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Terms Infusion (Glossary) - v3.10
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A
apex
Plural: apices. The end of something 'protruding from' or 'attached to' the (imaginary) center of the body or the end removed from the center of the body. For example, the end of the wing (apex of the wing), the abdomen (apex of the abdomen), the tibia (apex of the tibia), etc.
apical
The adjective of apex. Example: 'Arista commonly bare on apical half' means that the second half of the arista (starting from the third antennal segment) is bare. Opposite of basal.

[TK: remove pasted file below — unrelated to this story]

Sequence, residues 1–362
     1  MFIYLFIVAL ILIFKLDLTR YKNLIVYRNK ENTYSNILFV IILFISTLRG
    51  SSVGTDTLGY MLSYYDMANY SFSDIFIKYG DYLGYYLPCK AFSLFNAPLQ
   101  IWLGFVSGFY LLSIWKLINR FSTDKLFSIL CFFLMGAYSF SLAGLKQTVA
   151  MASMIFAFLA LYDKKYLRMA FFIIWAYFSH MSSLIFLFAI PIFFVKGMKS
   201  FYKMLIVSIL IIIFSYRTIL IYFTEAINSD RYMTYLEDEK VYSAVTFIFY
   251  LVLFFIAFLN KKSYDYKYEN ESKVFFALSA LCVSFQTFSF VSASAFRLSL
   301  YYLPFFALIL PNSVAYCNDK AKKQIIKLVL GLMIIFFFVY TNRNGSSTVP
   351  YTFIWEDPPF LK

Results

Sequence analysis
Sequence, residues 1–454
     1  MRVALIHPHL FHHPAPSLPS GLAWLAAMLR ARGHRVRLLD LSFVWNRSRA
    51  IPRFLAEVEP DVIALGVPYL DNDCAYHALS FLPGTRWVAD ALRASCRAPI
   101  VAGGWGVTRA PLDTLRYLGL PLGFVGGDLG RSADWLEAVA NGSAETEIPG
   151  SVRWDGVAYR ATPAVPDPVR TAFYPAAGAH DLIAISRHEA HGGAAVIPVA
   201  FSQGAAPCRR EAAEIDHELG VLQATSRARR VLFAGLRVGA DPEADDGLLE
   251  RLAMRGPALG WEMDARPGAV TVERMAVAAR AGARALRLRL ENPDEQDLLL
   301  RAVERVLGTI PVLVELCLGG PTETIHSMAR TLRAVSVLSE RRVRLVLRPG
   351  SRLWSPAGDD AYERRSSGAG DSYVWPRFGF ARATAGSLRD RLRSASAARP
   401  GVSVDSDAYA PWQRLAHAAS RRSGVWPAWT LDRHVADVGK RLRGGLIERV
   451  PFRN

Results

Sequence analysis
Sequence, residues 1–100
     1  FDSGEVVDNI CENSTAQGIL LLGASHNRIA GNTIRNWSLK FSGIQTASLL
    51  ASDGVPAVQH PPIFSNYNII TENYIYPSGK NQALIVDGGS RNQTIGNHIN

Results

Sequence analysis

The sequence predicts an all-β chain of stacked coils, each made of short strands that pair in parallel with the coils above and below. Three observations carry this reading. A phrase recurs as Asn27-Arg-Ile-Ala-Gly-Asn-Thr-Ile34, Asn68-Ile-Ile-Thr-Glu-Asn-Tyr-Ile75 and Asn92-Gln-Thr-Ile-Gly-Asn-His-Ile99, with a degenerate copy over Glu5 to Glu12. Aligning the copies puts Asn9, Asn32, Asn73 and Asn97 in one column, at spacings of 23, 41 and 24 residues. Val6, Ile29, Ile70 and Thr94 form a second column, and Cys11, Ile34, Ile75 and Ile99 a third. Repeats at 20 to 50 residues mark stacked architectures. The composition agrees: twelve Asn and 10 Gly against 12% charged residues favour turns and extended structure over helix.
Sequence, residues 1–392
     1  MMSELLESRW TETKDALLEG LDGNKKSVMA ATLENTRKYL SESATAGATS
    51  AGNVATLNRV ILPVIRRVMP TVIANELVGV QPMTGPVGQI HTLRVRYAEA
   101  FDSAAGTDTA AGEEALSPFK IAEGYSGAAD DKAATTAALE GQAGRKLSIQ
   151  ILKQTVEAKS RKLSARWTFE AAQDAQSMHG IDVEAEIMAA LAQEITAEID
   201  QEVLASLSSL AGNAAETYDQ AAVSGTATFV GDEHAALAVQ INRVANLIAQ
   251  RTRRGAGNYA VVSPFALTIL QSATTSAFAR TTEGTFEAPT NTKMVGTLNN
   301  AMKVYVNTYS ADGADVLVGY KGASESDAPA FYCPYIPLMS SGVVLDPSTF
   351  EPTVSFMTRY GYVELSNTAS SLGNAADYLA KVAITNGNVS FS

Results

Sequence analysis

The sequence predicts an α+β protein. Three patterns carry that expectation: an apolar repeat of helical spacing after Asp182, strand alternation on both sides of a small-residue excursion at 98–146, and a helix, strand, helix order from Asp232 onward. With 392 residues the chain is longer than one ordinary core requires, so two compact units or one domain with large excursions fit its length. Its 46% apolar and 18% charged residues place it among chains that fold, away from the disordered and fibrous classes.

apple maggot
Vernacular name for the pest Rhagoletis pomonella of the Tephritidae (fruit flies).
Links: http://en.wikiped...ple_maggot.

apterous
Without wings, wingless. See aptery.
aptery
A condition where a specimen has no wings. A distinction should be made between the shedding of wings (e.g., some louse flies [Hippoboscidae] when they have found a suitable host) and the non-development of wings.
Aptery is often found in species that have a parasitic, terrestrial or even subterranean life style or that are found in other circumstances where wings are of little uses (e.g., boreal conditions or locations without natural enemies like some oceanic islands).
Within certain species apterous individuals may occur next to brachypterous individuals and/or fully winged individuals.
apud
With, in the work of; eg. Villa quinquefasciata Wied. apud Meig. indicates that Wiedemann's description of quinquefasciata was published in a paper on his own name but in Meigen (1820).